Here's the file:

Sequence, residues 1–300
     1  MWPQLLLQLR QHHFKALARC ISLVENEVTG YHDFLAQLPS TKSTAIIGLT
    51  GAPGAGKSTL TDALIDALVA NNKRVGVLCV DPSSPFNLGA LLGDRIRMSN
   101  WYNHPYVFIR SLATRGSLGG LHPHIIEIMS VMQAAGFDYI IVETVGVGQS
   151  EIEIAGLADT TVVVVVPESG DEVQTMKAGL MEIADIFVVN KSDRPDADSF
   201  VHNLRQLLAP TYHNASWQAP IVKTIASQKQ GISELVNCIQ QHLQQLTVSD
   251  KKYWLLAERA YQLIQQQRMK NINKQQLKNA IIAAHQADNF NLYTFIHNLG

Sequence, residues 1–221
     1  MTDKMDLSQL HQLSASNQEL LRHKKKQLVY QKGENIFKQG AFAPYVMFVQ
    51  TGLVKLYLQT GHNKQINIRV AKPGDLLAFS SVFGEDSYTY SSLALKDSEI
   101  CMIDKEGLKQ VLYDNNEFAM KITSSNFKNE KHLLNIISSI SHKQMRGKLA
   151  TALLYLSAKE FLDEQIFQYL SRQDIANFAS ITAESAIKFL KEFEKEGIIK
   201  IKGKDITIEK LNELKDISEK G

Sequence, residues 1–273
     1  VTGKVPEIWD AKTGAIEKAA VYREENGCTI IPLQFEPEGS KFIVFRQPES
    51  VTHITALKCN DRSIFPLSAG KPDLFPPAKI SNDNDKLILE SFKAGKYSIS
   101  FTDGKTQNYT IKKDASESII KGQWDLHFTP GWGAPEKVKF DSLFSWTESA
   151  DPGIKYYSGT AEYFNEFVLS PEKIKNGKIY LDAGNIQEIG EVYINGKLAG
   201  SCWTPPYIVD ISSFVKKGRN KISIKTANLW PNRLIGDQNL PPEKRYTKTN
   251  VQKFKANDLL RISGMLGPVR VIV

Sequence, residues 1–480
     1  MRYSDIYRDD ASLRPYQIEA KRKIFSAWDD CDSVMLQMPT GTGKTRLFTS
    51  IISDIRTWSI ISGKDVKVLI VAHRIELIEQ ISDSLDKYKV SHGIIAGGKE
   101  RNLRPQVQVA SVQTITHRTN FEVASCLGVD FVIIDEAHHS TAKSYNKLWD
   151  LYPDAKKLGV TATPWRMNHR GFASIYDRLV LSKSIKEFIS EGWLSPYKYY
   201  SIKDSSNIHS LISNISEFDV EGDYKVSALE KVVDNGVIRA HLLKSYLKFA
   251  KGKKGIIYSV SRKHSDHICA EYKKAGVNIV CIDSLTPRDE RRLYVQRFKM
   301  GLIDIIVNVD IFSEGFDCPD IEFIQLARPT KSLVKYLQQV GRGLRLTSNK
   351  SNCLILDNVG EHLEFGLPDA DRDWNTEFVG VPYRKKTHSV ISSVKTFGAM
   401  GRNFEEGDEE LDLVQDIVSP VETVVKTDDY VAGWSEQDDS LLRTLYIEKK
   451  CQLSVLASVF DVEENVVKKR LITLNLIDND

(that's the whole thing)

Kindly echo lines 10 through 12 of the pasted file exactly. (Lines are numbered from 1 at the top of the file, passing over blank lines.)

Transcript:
    51  TGLVKLYLQT GHNKQINIRV AKPGDLLAFS SVFGEDSYTY SSLALKDSEI
   101  CMIDKEGLKQ VLYDNNEFAM KITSSNFKNE KHLLNIISSI SHKQMRGKLA
   151  TALLYLSAKE FLDEQIFQYL SRQDIANFAS ITAESAIKFL KEFEKEGIIK